The subjective study of suffering
Controversy about pain relief is usually between those who worry about addiction, black markets and over-prescription, and those who just want patients with long-running or fatal diseases to get the best pills. But a lesser-known issue is gaining attention, too: the treatment of acute pain.
Despite big advances in medical care in most other respects, pain relief after surgery has not improved in the past 60 years. A study in 2003 found that 80% of adults reported moderate to severe pain after surgery, just as many did in 1950. Pain does not just cause anguish: the stress-hormone cortisol it releases can damage the body. The end result may be heart attacks or internal blood clots.
The dispute is not about the drugs themselves, but concerns their type, quantity and timing. Medical opinion is surprisingly divided on this, chiefly because it is so hard to measure pain accurately. Attempts to determine a global pain scale have failed, because pain tolerance varies from country to country. In nations with stiff upper lips, a dose may be too high. In those with trembling lower ones, the same amount may be too little. Stereotypes are misleading: on average Germans, for instance, rate pain for similar conditions worse than Spaniards or Italians do.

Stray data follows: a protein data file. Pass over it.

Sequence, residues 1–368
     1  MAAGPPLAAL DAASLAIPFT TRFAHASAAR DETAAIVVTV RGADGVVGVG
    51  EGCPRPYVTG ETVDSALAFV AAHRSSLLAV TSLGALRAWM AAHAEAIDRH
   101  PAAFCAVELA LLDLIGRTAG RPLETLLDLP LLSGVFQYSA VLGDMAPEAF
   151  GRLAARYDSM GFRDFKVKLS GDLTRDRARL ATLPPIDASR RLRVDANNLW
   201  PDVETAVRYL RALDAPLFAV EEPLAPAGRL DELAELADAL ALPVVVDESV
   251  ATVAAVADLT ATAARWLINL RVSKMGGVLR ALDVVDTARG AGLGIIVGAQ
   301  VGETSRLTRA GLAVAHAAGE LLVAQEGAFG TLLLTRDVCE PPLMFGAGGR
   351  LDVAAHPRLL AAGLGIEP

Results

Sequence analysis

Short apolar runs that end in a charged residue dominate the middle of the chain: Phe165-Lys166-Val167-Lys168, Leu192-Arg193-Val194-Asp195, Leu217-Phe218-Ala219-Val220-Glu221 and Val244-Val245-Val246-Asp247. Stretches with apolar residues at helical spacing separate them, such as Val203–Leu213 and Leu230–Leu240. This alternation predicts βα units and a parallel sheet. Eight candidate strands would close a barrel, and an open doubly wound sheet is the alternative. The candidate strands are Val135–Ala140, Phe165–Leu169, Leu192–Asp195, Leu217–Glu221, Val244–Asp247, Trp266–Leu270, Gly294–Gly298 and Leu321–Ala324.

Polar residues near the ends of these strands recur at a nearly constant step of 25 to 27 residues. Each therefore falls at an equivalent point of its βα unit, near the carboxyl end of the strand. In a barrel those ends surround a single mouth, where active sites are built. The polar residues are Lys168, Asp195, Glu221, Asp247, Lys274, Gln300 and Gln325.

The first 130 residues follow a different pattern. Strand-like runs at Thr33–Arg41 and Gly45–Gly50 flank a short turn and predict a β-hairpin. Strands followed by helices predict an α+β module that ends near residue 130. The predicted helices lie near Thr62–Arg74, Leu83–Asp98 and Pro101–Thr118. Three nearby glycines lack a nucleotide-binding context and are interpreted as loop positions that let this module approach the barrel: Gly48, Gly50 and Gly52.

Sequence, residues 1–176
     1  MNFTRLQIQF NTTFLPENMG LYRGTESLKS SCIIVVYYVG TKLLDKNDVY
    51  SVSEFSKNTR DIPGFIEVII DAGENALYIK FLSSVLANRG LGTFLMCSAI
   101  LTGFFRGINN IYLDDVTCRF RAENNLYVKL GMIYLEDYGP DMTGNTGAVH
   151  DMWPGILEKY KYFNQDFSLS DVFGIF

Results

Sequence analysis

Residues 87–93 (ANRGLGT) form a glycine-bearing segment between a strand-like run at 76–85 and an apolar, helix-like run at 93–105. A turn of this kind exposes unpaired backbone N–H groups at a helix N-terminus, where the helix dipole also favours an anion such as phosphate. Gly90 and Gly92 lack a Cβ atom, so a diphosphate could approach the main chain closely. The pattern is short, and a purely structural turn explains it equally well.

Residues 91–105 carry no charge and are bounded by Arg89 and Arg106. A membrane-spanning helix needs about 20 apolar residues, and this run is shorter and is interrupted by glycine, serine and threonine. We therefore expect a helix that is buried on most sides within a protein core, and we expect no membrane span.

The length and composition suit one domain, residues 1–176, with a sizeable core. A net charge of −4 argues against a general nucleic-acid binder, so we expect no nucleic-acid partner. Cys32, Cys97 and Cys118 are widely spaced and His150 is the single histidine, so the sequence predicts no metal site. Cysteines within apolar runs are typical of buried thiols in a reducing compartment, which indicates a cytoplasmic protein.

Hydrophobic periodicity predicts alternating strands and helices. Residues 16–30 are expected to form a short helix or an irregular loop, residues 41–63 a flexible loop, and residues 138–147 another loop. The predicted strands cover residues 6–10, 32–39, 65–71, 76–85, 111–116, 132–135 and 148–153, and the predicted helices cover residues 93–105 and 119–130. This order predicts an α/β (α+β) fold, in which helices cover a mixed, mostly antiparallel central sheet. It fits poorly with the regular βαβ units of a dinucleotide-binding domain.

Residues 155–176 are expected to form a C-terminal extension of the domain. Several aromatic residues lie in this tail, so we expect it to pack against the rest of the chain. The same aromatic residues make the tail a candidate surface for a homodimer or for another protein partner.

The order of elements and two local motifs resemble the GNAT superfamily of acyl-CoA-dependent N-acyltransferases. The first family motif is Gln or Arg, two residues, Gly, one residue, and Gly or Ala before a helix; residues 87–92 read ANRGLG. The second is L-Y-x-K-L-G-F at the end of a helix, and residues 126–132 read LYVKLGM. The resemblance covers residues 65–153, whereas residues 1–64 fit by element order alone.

Such comparisons are rare, but a global study called Pain Out is trying to make them more systematic. It records data across 16 rich and poor countries. Patients fill in forms after operations and doctors make notes of given treatments. The data are fed into a central server and can be accessed freely by researchers. In Berlin this month Ruth Zaslansky, of the Jena Medical Centre in Germany, will present the results of the study and actions taken.
One finding is that Rwandan women undergoing Caesarean sections get worse therapy than those in any other rich or poor country. As a result, says Antoine Bahati Kabeza, an anaesthetist at Kigali University Hospital, the medical staff are changing its pain-relief policies, and the university is changing the way it teaches pain management.
Medical care inevitably varies between rich and poor countries. But pain relief, administered correctly, costs relatively little given the good it does. The psychology of national character does not feature in pharmacological thinking. Perhaps it should.
First published in The Economist. Also available in audio here.
Free image from here.